Skip to Main Content
It looks like you're using Internet Explorer 11 or older. This website works best with modern browsers such as the latest versions of Chrome, Firefox, Safari, and Edge. If you continue with this browser, you may see unexpected results.

Research Process Guide

Step 6b: Determining Research Methodology - Qualitative Design

As opposed to the numerical data that is foundational, qualitative design is built on non-numerical data used to understand, construct and describe phenomena or experiences, collective or individual. Originating with the Chicago school, qualitative design has its roots firmly in anthropology and social justice, particularly for historically disenfranchised groups (Bogdan & Biklen, 2007). There have been evolving definitions of qualitative design over the last half century, however. Denzin and Lincoln’s (2011) most recent definition touches on important developments within the field:

          Qualitative research is a situated activity that locates the observer in the world….[and] consists of a set of interpretive, material practices that
          make the world visible….[such practices as]…fieldnotes, interviews, conversations, photographs, recordings and memos to the self.…
          Qualitative researchers study things in their natural settings, attempt to make sense of, or interpret, phenomena in terms of the meanings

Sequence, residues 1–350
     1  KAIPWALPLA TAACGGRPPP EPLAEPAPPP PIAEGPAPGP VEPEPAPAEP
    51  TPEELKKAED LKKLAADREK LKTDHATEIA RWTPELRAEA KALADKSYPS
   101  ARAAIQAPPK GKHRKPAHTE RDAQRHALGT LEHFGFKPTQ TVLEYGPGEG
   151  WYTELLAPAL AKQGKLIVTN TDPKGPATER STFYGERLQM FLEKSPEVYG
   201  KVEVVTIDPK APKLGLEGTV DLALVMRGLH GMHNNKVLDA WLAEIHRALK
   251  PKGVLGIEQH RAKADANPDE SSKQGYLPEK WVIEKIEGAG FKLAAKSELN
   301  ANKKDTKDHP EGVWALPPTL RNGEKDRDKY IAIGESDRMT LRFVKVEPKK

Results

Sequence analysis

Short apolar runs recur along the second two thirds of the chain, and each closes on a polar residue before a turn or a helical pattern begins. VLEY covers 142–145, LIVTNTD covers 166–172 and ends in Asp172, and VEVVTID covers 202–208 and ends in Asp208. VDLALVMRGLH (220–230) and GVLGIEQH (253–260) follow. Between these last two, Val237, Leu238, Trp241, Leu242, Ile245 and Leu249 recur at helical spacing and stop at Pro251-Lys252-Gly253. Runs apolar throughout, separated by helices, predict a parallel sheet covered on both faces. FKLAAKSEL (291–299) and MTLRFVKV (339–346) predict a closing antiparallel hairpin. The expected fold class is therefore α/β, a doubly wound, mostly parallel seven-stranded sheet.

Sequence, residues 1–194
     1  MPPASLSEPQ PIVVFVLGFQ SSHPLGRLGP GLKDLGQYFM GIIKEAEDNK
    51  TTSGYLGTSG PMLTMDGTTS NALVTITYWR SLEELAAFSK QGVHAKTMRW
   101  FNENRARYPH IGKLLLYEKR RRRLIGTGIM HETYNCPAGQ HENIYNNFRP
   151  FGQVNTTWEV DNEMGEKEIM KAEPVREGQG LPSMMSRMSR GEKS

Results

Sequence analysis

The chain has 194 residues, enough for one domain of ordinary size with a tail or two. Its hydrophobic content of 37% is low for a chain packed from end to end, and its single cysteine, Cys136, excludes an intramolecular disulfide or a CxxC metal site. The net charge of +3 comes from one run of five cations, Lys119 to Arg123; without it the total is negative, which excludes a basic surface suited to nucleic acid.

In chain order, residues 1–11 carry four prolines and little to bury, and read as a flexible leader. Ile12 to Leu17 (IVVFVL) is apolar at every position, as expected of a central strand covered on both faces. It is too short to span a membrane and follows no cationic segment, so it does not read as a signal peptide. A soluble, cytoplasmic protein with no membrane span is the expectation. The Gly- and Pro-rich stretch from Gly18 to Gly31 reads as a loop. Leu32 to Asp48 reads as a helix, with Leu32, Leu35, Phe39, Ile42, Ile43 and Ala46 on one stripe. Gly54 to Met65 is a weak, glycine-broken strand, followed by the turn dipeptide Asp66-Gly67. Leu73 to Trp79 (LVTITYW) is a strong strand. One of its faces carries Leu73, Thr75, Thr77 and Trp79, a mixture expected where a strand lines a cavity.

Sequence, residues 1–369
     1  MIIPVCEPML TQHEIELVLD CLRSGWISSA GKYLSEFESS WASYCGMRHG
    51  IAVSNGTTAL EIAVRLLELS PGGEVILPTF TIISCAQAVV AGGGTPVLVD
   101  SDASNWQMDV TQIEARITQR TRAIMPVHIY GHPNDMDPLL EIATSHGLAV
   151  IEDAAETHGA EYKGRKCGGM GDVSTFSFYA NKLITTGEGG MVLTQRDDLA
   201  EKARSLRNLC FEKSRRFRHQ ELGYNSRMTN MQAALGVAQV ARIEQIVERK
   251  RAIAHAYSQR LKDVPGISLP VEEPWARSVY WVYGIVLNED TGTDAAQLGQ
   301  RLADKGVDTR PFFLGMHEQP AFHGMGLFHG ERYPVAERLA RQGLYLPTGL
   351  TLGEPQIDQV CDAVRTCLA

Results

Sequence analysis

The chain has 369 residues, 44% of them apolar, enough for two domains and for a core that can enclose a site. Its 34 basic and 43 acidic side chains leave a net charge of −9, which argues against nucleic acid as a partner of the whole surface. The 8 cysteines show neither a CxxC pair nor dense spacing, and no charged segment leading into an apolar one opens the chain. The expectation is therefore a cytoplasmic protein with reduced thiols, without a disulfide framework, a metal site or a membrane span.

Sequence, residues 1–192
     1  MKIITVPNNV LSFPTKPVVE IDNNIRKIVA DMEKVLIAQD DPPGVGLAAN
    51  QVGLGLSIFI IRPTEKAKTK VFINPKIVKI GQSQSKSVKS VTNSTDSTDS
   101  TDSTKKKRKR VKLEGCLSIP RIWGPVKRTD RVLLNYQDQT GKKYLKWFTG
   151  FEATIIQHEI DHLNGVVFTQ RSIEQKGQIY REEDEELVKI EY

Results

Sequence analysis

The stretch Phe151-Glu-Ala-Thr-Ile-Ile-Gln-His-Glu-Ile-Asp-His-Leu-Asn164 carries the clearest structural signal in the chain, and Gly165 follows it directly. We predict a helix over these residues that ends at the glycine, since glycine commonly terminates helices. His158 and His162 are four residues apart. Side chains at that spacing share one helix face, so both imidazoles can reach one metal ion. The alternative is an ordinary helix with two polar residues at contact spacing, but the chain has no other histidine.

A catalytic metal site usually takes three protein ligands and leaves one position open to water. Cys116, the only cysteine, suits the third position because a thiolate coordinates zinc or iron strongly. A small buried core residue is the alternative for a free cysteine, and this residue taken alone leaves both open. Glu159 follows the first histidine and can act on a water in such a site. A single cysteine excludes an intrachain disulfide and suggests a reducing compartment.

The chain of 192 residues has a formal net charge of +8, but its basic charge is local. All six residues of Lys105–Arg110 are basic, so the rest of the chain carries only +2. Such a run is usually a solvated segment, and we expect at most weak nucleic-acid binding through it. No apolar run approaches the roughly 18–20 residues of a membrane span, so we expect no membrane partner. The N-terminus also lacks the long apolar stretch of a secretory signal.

people bring to them. (p.3)

In qualitative research, the research is largely based on inductive reasoning, beginning with assumptions (not theory) and use interpretative and theoretical frameworks that inform their study and use the natural setting to to collect data on the people and places the phenomena occurs (Creswell & Poth, 2018).

So, simply put, qualitative design is:

  1. Naturalistic
  2. Descriptive
  3. Concerned with process
  4. Inductive
  5. Meaning-driven

It is important to note that, unlike quantitative design, the point of qualitative research is NOT to generalize across populations, but to understand the lived experience of individuals or groups within a particular cultural or social setting, system, environment or institution.

Review of the Philosophical Assumptions in Research

In qualitative research, you as the researcher are the principal instrument of inquiry. This is especially significant when considering then acknowledging your philosophical assumptions as a researcher. It is important to ask yourself (Creswell & Poth, 2018):

  1. What is reality? (Ontology)
  2. How is reality known? (Epistemology)
  3. How are values of the research expressed? (Axiology)
  4. How is research conducted? (Methodology)

What are interpretative frameworks (or lenses) for Qualitative Design?